LITTLE THIEVES by Margaret Owen

Once upon a time, there was a horrible girl… 

Vanja Schmidt knows that no gift is freely given, not even a mother’s love–and she’s on the hook for one hell of a debt. Vanja, the adopted goddaughter of Death and Fortune, was Princess Gisele’s dutiful servant up until a year ago. That was when Vanja’s otherworldly mothers demanded a terrible price for their care, and Vanja decided to steal her future back… by stealing Gisele’s life for herself.

The real Gisele is left a penniless nobody while Vanja uses an enchanted string of pearls to take her place. Now, Vanja leads a lonely but lucrative double life as princess and jewel thief, charming nobility while emptying their coffers to fund her great escape. Then, one heist away from freedom, Vanja crosses the wrong god and is cursed to an untimely end: turning into jewels, stone by stone, for her greed.

Vanja has just two weeks to figure out how to break her curse and make her getaway. And with a feral guardian half-god, Gisele’s sinister fiancé, and an overeager junior detective on Vanja’s tail, she’ll have to pull the biggest grift yet to save her own life.

Margaret Owen, author of The Merciful Crow series, crafts a delightfully irreverent retelling of “The Goose Girl” about stolen lives, thorny truths, and the wicked girls at the heart of both.


Title : Little Thieves
Author : Margaret Owen
Format : eBook (overdrive)
Page Count : 512
Genre : YA fantasy
Publisher : Henry Holt & Company
Release Date : October 19, 2021

Reviewer : Hollis
Rating : ★ ★ ★ ★ ★


Hollis’ 5 star review

This is a rating that I talked myself into rounding up (initially it was a 4.5) instead of my usual sad panda mope about it being so close, or oh I wish I could round up but blah, etc etc. Because, y’all, Little Thieves? Was so so good. Also it’s December twenty-ninth, it’s been a long year (make that two), and I’ve barely given out any full ratings in what feels like a decade, so. YOLO.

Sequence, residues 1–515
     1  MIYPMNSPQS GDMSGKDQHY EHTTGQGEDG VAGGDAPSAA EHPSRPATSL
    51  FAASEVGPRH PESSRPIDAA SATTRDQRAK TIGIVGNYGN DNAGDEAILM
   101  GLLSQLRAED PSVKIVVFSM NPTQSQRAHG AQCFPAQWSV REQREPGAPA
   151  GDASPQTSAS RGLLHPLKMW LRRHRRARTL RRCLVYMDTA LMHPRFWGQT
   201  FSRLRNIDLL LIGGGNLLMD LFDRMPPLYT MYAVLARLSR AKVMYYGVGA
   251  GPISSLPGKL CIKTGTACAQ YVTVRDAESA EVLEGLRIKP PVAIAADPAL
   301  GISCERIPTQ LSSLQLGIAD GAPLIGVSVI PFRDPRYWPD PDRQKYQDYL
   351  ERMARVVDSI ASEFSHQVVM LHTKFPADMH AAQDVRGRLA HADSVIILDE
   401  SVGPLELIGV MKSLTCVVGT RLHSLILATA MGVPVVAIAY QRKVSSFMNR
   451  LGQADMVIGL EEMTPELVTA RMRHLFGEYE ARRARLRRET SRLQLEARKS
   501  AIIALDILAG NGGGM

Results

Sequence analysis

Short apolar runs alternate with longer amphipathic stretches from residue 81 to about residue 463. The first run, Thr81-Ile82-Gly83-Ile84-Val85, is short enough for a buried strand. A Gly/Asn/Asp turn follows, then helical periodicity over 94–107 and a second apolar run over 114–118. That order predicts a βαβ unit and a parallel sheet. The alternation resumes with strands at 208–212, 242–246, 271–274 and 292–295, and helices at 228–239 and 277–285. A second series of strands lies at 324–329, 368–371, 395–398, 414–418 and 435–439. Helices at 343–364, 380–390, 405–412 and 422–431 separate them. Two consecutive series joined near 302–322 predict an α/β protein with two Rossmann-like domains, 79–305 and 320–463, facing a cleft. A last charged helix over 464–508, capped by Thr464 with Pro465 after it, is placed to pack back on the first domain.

Is there anyone in Minkja you haven’t robbed, swindled, or backstabbed?
I mean, in the grand scheme of things, isn’t funding the extravagance of the nobility through the blood of the commoners the real swindle?

I delayed reading this for a few reasons; mostly fear that Owen would end up a one-hit-series-wonder but also because I saw some mixed reviews which fed into that fear. But I should not have worried because once again I’ve been blown away by this author.

You’re just mad I tossed you in the river.”
I think it’s reasonable to take issue with you nearly drowning me.”
Sure, but you’re not mad because you nearly drowned. You’re mad because you went to all that trouble to set a trap and stage your big triumphant reveal and I still tossed you in the river.”

The synopsis basically tells you everything you need to know about this except the feels you will have while reading it; or the heartbreak and tragedy you’ll experience; or even the many many lines that will make you laugh out loud; and the sheer delight in everything about it all. Except, you know, the bad stuff you aren’t going to delight in, see aforementioned heartbreak and tragedy. Yes, naturally, I did cry. Maybe twice. Who is to say.

I see myself for what I am : a scared girl, alone in a cruel world, abandoned by family and friend, who would rather turn herself to bloodstained stone than let anyone get close enough to leave another scar. A girl who would rather die than serve anyone ever again. Even myself. And it is killing me.

On that note, the author does provide a lovely little passage with some content warnings at the beginning, so keep your eyes out for that if you need it.

I can’t say if you’re a good person or not. But the more I know of you, the more I understand that the world keeps making you choose between survival and martyrdom. No one should fault you for wanting to live.

But yeah, I have so little to say because this is one of those classic “I fucking loved it!” feelings that has left me pretty speechless. I have so many highlights, way more than can fit in this review, and the whole experience was just fantastic. The only thing I’m mad about is that the sequel (!!) isn’t coming out until 2023. Which, wow. Talk about a devastating blow. But if that’s the trade off for yet another banger? I will suffer bravely and with dignity. Cue sobs.

THE MERCIFUL CROW by Margaret Owen

A future chieftain
Fie abides by one rule: look after your own. Her Crow caste of undertakers and mercy-killers takes more abuse than coin, but when they’re called to collect royal dead, she’s hoping they’ll find the payout of a lifetime.

A fugitive prince